Getting into outdoor leisure may require a major purchase — a good car. It doesn’t have to be expensive, it just has to fit your lifestyle and your chosen endeavour. We also need it to be reliable, and we need some decent space to carry our gear. Of course, it has to have the looks, some swag if you may. As ‘good looks’ is subjective, I wouldn’t mind if anyone here disagrees that my Pajero Sport is a good looking car — you are not the first one, trust me. 🙂

Now let’s get on with it.

There are a number of factors to consider when buying a new car and if you are like me, budget is going to be one of the biggest ones, if not the biggest. However, you don’t just settle for something because it is within your budget, you would want to get the best car within your range — bang for your buck as they say.

Let me tell you a story. I love telling stories. Bear with me.


It was year 2016, after 2 years of working in Canberra, finally, I landed a job in Melbourne. It marked the end of my 16-hour bus rides on weekends. On top of that, our humble home will be built and expected to finish by mid-2017. Then the missus got pregnant – baby will be out by mid-2017 as well. It feels like one of those “when the Universe conspires” moments — everything seems to fall perfectly into place.

A new job, a new home, a baby. What’s missing? A family car. Not just any family car, we love adventures. And by adventure I mean long drives and occasional trips to places where sedans wouldn’t dare. And I will also need some muscle for my DIY projects e.g. Bunnings trips… and more Bunnings trips — a utility vehicle.

So preferences are a comfy interior to ferry the whole family, a relatively higher ground clearance and a strong capable engine. Clearly, I need an SUV. It is, after all, the current trend.

Why the Pajero Sport?

I have read and watched reviews and comparison videos/blogs and the PS ends up on top, maybe four times out of five. Its close competitors are the Toyota Fortuner, Ford Everest and the Isuzu MUX. Before I started reading and watching reviews, the MUX was what I had in mind. I just liked its presence every time I saw one and it’s got a 3.0L diesel engine. I had this notion that when it comes to engines, bigger is always better — not really these days.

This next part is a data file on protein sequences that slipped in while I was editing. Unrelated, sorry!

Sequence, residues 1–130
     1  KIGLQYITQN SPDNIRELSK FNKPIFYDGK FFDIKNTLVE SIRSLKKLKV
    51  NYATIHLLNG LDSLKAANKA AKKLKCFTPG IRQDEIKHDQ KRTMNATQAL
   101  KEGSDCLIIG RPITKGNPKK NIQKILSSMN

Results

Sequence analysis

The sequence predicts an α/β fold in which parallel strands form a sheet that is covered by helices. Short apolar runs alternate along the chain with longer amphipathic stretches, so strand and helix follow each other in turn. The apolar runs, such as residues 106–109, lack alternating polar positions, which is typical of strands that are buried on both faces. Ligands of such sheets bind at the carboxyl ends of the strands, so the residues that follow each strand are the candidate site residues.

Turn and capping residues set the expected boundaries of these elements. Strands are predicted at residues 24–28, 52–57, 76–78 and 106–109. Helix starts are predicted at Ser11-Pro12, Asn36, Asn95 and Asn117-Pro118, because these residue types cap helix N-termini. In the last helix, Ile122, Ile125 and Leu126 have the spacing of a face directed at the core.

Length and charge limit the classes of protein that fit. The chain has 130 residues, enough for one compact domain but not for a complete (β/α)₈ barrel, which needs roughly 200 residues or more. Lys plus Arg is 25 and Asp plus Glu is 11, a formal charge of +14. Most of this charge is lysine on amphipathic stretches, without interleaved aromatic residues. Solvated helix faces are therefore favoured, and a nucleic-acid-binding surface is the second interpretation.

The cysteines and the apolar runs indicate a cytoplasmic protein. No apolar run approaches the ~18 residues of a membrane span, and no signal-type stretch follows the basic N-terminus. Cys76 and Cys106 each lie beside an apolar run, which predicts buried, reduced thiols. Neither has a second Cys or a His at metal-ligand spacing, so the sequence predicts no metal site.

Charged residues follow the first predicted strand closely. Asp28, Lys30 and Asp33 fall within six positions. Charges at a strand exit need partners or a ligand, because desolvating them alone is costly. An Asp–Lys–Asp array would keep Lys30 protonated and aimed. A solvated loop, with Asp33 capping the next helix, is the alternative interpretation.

My next pick was the Ford Everest, in fact it was so hyped up in Australia before its release that I was kind of waiting for it to finally hit the market. Patiently waiting and saving all my money so I can hand it over to Ford’s men in ties. And when it did, it was too expensive! At least for me. The top spec model at that time was around $82k – way above my pay grade. The base and mid spec models were within my reach but, nope. Still too expensive for what it had to offer (just my opinion).

When I started watching comparison videos and some blogs, the PS started to make some impression, it’s winning almost every single time. The only problem I had was I never liked the way it looks, at least in photos. I haven’t really seen one on the road at that point. Too fancy and a bit too flashy for a legit off-roader, and that ass (sorry for the language) looks a little off. As much as I tried to steer away from it, I just can’t, there were just too many good feedbacks to pass this one up.

Moment of truth

After months of weighing things up, I thought the only thing that makes sense is to test drive a PS. You know, let’s give it a chance. So we went to a local Mitsubishi dealer and there it was, massive, beautiful. Much better than what I see in photos. Knowing that the usual issue with 7-seaters is the 3rd row space, I went straight into it. Feels just right for me, in fact, it is much better than I expected. I’m 5’8″ and there’s almost nobody (there’s one, there’s that one bloody brother) in the family who is taller than me. Then I went to the driver’s seat. Straight away it felt like home. Maybe because I used to drive my uncle’s 2000 model L200 ute for like my whole college life. So much memories in that car.